J restorative materials are partially associated to their chemical degradation, which can soften the external surface, making it more vulnerable to mechanical abrasion9. Some chemicals from food and drinks can lead to surface degradation of composite restorations, resulting in unaesthetic appearance and increased surface roughness, accelerating the wear of dental materials3,7. These effects might vary according to intrinsic characteristics of the material, such as its composition, or extrinsic characteristics,
important issue on wear processes8. Even though tooth brushing plays an important role in oral hygiene, its continuing action might damage the surface of resin composite restorations, making it rougher and, consequently, prone to staining, U and recurrent caries6,25. Although other works had been conducted to evaluate the effect of surface degradation on restorative composites, limited information is available concerning the association of toothbrush abrasion and chemical challenges. Thus, the aim of the present study was to evaluate the effect of the exposure to food-simulating liquids prior to toothbrushing simulation on the surface roughness of 5 composite materials with different compositions. The null hypothesis tested was that composite resins present similar surface roughness after immersion in the food-simulating solutions and brush simulation.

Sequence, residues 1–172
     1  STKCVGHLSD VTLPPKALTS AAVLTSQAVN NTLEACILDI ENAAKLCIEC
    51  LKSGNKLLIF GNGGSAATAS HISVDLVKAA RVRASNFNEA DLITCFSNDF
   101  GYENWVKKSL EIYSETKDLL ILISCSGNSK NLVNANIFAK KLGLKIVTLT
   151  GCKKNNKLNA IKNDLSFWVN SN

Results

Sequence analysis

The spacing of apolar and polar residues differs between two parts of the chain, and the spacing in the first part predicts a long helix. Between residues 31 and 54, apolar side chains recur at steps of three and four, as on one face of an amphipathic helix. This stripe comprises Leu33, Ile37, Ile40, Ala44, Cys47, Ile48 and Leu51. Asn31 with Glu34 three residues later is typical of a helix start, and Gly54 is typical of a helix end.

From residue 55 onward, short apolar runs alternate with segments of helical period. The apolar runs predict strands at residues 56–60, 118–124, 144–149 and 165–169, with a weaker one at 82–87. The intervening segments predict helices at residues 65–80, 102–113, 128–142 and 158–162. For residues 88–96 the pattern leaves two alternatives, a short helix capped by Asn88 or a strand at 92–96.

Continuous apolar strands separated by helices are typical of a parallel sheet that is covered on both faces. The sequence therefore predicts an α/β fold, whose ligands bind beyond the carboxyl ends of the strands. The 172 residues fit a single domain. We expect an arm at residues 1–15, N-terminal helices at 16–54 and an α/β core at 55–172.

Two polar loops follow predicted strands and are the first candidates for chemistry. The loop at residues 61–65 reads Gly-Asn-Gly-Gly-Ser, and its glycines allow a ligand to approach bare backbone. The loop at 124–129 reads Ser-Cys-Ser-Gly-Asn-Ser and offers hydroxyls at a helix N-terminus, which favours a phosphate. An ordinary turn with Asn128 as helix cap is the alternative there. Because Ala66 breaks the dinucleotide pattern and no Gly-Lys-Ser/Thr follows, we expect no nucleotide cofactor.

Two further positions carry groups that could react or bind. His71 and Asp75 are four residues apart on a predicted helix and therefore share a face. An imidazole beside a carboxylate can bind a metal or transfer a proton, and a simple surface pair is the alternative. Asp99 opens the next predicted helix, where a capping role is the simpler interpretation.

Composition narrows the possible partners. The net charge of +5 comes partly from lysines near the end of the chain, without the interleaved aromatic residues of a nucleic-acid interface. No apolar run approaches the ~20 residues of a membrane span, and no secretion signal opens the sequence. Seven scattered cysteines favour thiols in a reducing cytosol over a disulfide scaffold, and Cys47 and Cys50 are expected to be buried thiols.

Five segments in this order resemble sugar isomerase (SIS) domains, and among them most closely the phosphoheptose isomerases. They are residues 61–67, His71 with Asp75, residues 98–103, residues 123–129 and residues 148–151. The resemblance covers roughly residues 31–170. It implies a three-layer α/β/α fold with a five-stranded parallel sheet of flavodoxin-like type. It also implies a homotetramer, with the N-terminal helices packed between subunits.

MATERIAL AND METHODS
Figure 1 lists the restorative materials used in . 1 manufacturers, batch numbers, and composition.
Twenty cylinders of each material were made using a cylindrical mold (5x4-mm dimension) which 1 1 1 $ the respective composite. After the insertion of the last increment, a polyester strip and a 500-g weight were placed over the mold and left for 30 s to allow for a better accommodation of the composite. Each increment was light-cured for 20 s using a halogen light-curing unit (Optilux 501, Sybron Kerr, Danbury, CT, USA). The light output of the light-curing unit was measured with its radiometer and was greater than 500 mW/cm2.